The notable areas Wesley should be focusing on improving are his playmaking, free throw shooting, and off-ball defense. For someone with his scoring tools, leveraging them as a playmaker is the next step in order to break out as the future leader of this Notre Dame program. Furthermore, with JJ Starling coming in next season, Notre Dame may very well have one of the most promising young guard tandems in the country.

Notre Dame guard Blake Wesley. Credit: Notre Dame Athletics

A Trio of Intriguing Young Wings

Ramses “RJ” Melendez

Illinois | 6’7” | 205 | Wing | Freshman | 19.0

Game Stats: 6 points, 1 rebound (1 DRB), 1 assists, 0 steals, 1 block, 0 turnovers, 0 fouls, 2/4 FG, 2/2 3FG

Melendez had an excellent showing in his 14 minutes, starting his first ever game for Coach Underwood. While he is only averaging 10 minutes per game, the freshman capitalized on his opportunity by hitting both of his triples and playing through some pain. The area most worth tracking with Melendez is which of his various tools becomes his primary value driver: will it be toughness and defensive strides? Shooting? All of the above? Regardless, he had a strong showing during his limited time in a game where Illinois needed him to show up, and our staff is looking forward to tracking his progress over time.

Luke Goode

Illinois | 6’7” | 200 | Wing | Freshman | 19.3

Game Stats: 3 points, 2 rebounds (2 DRB), 0 assists, 1 steal, 0 blocks, 0 turnovers, 1 foul, 1/2 FG, 1/2 3FG

Goode’s calling card is his jump shot at 6’7", but he also seems to really be buying into the toughness that Coach Underwood is emphasizing in his program. What really stood out with Luke was how he brought energy when he wasn’t in the game, constantly standing and hyping up his teammates. When you aren’t in the game, the best thing you can do is support your teammates, and Luke was that guy in this one.

Coleman Hawkins

Illinois | 6’10” | 215 | Wing | Sophomore | 20.0

Game Stats: 4 points, 7 rebounds (2 ORB, 5 DRB), 0 assists, 0 steals/blocks, 3 turnovers, 3 fouls, 2/3 FG, 0/1 3FG

Perhaps the best long-term NBA prospect on Illinois’ roster, Hawkins is a modern, perimeter-oriented combo forward that has the mobility and tools to defend multiple positions. He also brings a unique blend of skills to the offensive end, along with a competitive edge. While he was benched early on for a few notable processing mistakes, there is no denying that he has an excellent foundation to build on for a versatile, modern forward that is just scratching the surface of his potential. While he may not be ready for the league as of December 2021, our group has a strong feeling that he will have his name called in one of the next two drafts as he continues to hone his primary value-driving skills.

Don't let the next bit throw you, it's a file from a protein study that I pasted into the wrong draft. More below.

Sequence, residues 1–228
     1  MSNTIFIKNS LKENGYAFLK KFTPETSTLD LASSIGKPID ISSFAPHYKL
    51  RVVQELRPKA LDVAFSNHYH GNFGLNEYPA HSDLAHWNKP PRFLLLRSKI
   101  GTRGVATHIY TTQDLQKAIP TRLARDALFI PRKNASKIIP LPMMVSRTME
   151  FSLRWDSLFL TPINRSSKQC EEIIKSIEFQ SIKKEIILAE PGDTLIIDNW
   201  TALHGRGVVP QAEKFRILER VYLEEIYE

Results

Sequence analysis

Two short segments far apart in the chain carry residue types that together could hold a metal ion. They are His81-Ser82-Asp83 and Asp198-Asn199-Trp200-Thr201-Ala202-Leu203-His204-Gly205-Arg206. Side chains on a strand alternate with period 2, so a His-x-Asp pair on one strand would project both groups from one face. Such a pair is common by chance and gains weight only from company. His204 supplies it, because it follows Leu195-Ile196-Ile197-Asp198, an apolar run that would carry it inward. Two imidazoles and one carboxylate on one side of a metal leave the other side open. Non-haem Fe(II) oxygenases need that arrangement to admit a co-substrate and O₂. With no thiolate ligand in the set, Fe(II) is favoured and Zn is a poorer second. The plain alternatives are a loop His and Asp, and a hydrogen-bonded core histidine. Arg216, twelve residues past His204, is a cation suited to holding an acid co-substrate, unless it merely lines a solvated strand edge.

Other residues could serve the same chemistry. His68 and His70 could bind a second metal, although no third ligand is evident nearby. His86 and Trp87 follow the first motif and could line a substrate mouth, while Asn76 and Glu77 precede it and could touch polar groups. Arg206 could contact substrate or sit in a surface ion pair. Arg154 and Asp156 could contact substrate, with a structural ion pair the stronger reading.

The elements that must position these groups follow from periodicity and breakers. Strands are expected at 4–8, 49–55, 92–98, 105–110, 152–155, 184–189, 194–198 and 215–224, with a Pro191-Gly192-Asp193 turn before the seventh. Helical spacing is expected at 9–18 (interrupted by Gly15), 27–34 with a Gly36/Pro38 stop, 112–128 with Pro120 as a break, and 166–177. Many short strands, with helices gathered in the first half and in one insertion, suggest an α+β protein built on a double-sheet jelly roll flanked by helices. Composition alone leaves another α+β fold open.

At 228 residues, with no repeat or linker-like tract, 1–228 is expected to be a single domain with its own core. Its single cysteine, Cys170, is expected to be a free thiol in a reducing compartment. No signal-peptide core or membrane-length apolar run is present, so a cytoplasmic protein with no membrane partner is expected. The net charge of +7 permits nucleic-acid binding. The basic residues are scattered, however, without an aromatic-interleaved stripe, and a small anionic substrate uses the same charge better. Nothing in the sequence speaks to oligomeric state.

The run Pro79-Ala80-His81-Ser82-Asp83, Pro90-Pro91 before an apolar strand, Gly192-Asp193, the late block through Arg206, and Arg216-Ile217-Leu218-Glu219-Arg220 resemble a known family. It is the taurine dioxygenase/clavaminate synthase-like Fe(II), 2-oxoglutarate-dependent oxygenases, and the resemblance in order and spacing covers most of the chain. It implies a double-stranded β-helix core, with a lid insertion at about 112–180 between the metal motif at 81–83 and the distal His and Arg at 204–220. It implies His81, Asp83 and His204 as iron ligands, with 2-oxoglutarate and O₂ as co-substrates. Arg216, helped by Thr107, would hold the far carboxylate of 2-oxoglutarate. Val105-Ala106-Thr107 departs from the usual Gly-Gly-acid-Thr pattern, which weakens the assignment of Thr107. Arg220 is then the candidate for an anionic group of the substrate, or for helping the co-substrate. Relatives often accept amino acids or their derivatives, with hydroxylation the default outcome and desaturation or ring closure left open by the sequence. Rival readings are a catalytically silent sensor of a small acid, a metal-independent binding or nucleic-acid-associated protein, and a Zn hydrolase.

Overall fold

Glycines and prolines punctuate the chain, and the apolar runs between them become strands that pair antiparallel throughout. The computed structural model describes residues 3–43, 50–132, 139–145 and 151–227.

Illinois wing Coleman Hawkins. Credit: Illinois Athletics

Additional Notre Dame Prospects

Nate Laszewski

Notre Dame | 6’10” | 235 | Big | Senior

Game Stats: 13 points, 4 rebounds (1 ORB, 3 DRB), 1 assist, 1 steal, 1 block, 1 turnover, 4 fouls, 5/9 FG, 3/7 3FG

Laszewski was on the radar as a prospect with high expectations coming into this season after shooting 43% from deep as a junior, but has had a slow start to his senior year, thus far. He brings value as a stretch big and rebounder, but he needs to be shooting the three well to have a winning impact. When he isn’t shooting or rebounding, there just hasn't been a lot going on with Laszewski early in the season. He struggles to defend the interior, and most of the time he is not in a position to create on or capitalize on an advantage, His zero free throw attempts on the year speak to the lack of interior self-creation, as well. For his niche, he did well offensively against Illinois, but not well enough defensively to provide a positive impact, overall.

Dane Goodwin

Notre Dame | 6’6 | 208 | Wing | Senior

Game Stats: 15 points, 5 rebounds (5 DRB), 2 assists, 1 steal, 0 blocks, 0 turnovers, 2 fouls, 6/13 FG, 3/4 3FG

Dane Goodwin has had a hot start to the year, averaging a career-high 15 points per game and shooting 50% from deep. Against Illinois, he showcased his mid-range/post self-creation and a gorgeous three-point shot with excellent touch and footwork. He is a highly polished wing at this stage, and looks like a guy that should have a chance in summer league or the G-League draft, down the line.